What inspired you to stand up for these vulnerable teens?
As I said earlier, our clients are part of a group that is the most vulnerable in our society. They need the most, not the least, protection. If no one stands up for them, others like them will be abused. I attribute this attitude directly to the lessons I learned from my parents. I had a younger brother, Terry, who at the age of six months contracted meningitis. He was left blind, mentally diminished, and bed-ridden. It would have been so easy, as some doctors advised, for my parents to put him in an institution. But if you ever met my parents, you would know that would never happen. They cared for him at home. He was not expected to survive infancy, but he lived for 38 years. At the same time, my parents, who had 11 children and were not wealthy, took in my dad’s brother, Jack, who had Down syndrome. My parents are humble people, and if you mentioned how they made sacrifices and put love into action, they would be embarrassed. My parents did not talk about caring for family members—they simply did it, and my brothers and sisters saw it. When friends would come to the house, they would naturally meet my brother and my uncle. The unspoken message was, “This is our brother. This is our uncle. This is who we are, and Terry and Jack are part of our family.” When my brother died in 2000, hundreds of people came to the funeral. It was packed, just packed. I joked with my brother, Tim, who is also an attorney, that even though Terry never said a word and was bed-ridden his entire life, there were probably twice as many people at Terry’s funeral as would come to either of our funerals. I see the impact of my uncle’s and brother’s lives and my parents’ example on our family: among my siblings are two teachers, a missionary in Haiti, a nurse, a sister involved in the Cerebral Palsy Foundation. All of my sisters helped care for my brother Terry. Unbeknownst to them, my brother and uncle were mentors to me and helped me form my beliefs about protecting those in our society who need the most protection. Today I try to be a staunch defender of the least protected of our society: the disabled, the infirm, the young, and the poor.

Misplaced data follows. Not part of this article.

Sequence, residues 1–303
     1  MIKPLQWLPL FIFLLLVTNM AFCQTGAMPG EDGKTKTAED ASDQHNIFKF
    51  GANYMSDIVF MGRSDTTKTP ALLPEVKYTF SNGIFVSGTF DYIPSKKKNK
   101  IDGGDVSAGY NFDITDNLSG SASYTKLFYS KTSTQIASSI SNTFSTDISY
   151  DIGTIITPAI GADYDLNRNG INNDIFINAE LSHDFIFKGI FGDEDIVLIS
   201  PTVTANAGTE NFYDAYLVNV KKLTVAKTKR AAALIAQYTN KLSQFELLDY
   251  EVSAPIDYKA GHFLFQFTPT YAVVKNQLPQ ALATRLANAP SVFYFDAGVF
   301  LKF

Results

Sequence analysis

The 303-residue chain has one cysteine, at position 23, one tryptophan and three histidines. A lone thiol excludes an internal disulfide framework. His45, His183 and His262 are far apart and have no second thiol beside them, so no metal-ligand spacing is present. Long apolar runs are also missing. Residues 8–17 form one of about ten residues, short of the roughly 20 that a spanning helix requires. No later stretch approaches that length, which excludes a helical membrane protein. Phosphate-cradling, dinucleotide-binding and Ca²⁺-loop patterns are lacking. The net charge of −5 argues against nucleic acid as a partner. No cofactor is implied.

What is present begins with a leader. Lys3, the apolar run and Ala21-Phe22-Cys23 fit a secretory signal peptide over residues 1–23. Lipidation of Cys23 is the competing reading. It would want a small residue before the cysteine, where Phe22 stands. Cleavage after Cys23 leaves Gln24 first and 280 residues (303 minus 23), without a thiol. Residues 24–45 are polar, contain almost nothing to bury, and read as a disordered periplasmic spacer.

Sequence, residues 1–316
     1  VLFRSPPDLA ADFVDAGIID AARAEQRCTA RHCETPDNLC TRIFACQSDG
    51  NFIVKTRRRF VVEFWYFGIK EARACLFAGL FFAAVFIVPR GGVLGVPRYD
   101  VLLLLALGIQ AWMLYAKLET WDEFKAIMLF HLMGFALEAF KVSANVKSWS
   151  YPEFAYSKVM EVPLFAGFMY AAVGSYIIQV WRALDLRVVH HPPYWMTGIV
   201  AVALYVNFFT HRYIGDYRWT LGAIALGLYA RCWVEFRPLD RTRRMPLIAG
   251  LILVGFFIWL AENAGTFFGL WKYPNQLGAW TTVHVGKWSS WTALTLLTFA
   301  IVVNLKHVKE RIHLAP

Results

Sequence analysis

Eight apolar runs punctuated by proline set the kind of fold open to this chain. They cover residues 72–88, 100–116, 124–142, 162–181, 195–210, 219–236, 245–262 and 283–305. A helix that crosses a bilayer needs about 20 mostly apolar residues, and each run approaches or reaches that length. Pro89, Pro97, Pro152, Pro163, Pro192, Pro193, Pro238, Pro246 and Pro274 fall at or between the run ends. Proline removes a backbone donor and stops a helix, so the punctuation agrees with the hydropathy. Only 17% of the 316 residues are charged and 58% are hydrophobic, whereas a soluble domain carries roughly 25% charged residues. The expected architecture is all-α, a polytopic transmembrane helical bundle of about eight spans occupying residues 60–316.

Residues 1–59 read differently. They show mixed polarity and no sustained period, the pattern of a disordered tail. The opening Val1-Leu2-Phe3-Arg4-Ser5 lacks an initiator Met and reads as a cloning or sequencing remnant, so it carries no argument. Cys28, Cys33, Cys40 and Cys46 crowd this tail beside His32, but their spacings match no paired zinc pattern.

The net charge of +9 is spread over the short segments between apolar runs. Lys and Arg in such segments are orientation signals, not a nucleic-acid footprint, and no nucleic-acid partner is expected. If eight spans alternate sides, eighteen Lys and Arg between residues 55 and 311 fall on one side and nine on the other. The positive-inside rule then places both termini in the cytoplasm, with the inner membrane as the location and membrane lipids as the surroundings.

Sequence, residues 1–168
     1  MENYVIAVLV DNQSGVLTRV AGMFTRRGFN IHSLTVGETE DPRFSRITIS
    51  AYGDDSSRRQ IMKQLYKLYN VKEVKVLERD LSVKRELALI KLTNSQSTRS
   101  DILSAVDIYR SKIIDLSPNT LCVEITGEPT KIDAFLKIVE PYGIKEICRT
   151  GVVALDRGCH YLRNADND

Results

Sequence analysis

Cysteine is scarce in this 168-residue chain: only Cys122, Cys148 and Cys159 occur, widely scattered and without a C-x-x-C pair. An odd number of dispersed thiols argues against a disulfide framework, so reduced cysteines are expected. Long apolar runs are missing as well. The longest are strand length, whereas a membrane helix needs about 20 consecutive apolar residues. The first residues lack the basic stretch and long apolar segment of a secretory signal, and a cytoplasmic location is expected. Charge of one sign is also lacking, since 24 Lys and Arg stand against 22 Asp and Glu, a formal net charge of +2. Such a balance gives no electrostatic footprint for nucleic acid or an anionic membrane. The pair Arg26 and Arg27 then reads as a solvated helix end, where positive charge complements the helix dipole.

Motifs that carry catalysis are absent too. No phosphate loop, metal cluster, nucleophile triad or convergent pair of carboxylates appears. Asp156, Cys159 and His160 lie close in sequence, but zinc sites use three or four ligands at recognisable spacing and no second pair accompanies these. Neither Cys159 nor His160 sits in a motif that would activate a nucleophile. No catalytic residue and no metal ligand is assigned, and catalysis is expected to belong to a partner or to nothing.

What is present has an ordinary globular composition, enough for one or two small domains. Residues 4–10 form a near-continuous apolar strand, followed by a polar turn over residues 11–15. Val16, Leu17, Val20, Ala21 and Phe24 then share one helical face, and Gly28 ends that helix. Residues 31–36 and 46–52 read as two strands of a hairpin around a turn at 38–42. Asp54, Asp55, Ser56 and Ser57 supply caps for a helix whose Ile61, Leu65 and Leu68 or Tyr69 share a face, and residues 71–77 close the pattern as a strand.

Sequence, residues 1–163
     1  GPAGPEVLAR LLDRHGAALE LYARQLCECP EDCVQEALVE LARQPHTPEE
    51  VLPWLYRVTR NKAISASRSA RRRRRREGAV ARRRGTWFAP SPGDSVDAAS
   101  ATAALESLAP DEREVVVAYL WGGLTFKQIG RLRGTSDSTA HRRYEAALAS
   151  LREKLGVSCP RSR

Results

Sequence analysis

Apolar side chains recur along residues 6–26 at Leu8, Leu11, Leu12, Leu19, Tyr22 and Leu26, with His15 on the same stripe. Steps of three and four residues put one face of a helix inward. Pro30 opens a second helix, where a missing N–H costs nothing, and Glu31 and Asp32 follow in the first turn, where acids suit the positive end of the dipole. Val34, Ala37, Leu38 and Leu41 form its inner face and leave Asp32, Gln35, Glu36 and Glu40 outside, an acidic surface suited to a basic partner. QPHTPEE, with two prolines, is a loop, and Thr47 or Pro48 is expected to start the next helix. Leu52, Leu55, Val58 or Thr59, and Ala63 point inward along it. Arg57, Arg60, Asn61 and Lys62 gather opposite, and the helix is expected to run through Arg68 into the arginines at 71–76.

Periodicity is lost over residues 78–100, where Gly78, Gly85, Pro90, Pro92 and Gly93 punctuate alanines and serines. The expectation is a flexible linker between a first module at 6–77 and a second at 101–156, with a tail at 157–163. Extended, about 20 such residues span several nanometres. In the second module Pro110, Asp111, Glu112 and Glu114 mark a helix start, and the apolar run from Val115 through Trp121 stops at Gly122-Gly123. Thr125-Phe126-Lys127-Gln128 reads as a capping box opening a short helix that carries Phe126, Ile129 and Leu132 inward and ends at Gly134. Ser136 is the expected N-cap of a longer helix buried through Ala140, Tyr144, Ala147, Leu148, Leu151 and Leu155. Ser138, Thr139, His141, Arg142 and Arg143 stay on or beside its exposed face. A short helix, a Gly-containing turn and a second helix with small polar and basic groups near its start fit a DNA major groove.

Given Planned Parenthood’s successful track record in court, what keeps you going?
We have received a great deal of support from so many people, including many who are pro-choice with respect to abortion. In addition, we have a great team of five lawyers, which is one of the reasons we have a reasonably good chance of winning. All of us are very experienced litigators. Among the four more experienced team members, the one with the least amount of litigation experience has been in practice 27 years. We have an opportunity to make a lasting impact—a chance to help protect minors from abuse as required by the law. I hope that LLDF supporters will continue their generous support for these two potentially precedent-setting cases.